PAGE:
Hunter Oaks supports Marvin annexation
I want to make a couple of corrections to the article, “Property owners will decide on Marvin Annexation,” which ran July 22 in the Union County Weekly.
During the interview with Patricia Bradshaw, she mentions a mailing to Hunter Oaks residents. Marvin did not mail this to the Hunter Oaks Community. The homeowners association of Hunter Oaks did.
This was not a fear factor letter to scare the homeowners, but a factual mailing.
There is an agreement between Charlotte and Marvin, Weddington, Waxhaw and Wesley Chapel that states Charlotte will not come over into Union County and annex any property until after 2014.
As of right now, the towns have requested Charlotte amend the agreement and push the date back several years. Charlotte has said no and is not interested in even speaking about the agreement until six months before the date in 2014.
Thanks to the very unusual annexation laws of North Carolina, cities and towns can annex any property over county lines as long as the property sits next to the town. This has been done about 30 times since the 1950s. See the “North Carolina General Statutes § 160A-48 Character of area to be annexed” for details on annexation in North Carolina.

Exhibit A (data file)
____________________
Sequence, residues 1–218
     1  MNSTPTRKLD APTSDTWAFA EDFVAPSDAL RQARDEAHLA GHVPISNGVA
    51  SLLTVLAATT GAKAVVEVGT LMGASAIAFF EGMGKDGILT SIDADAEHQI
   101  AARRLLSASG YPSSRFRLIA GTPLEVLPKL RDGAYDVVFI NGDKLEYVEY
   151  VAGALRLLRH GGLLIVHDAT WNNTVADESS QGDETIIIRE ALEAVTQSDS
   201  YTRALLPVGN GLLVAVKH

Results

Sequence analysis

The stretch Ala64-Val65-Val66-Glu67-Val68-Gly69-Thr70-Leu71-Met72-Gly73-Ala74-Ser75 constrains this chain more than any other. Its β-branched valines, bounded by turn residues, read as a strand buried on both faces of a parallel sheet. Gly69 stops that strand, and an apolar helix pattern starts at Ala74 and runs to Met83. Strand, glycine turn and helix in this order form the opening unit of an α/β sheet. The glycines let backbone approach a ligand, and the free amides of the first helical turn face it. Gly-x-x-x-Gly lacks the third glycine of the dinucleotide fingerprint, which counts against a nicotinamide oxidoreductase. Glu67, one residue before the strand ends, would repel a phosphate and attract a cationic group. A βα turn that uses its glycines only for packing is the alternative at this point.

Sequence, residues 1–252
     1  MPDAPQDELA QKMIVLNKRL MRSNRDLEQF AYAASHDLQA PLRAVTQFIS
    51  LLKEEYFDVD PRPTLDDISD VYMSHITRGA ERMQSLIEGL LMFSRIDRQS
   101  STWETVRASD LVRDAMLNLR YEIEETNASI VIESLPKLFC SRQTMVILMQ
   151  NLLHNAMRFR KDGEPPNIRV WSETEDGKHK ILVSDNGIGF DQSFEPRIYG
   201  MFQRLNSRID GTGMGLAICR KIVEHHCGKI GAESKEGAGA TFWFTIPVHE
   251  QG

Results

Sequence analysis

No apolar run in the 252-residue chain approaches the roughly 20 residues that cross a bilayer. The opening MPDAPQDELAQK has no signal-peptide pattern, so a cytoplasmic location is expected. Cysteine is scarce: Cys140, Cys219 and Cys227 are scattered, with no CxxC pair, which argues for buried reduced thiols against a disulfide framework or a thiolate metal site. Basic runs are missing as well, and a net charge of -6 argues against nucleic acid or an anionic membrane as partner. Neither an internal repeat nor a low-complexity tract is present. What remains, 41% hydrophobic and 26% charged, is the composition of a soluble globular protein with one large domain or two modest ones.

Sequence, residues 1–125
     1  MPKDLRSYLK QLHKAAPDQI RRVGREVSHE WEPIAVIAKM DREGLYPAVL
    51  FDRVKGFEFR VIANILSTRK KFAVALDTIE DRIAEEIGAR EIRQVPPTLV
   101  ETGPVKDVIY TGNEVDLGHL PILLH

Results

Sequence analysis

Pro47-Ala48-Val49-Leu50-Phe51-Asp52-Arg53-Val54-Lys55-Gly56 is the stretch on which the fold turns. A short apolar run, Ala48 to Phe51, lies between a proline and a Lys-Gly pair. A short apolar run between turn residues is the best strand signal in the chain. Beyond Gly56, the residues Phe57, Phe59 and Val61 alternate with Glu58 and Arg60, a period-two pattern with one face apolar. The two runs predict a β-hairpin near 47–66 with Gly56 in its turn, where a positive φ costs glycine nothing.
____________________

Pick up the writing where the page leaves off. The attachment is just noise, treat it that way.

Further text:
There was a new change in the annexation laws this past year, with the passing of House Bill 845, that makes limitations on involuntary annexations, putting several new steps into the process and giving homeowners being annexed a voice in the process for the first time.
Here are a couple of highlights of the bill:
• A plan must be in place to provide the following services, within the timeframes stated, on substantially the same basis and in the same manner as each service is provided within the rest of the municipal limits:
-At the time of annexation: Police, fire, solid waste collection and street maintenance
-Within 3.5 years of annexation: Water and sewer
• Resolution of Consideration – Must be adopted at least one year, but not more than two years, prior to the resolution of intent. Property owners must be mailed a copy of the resolution.
• Resolution of Intent – Adopted at least one year after the resolution of consideration, describing the area to be annexed, that complies with the criteria of area to be annexed.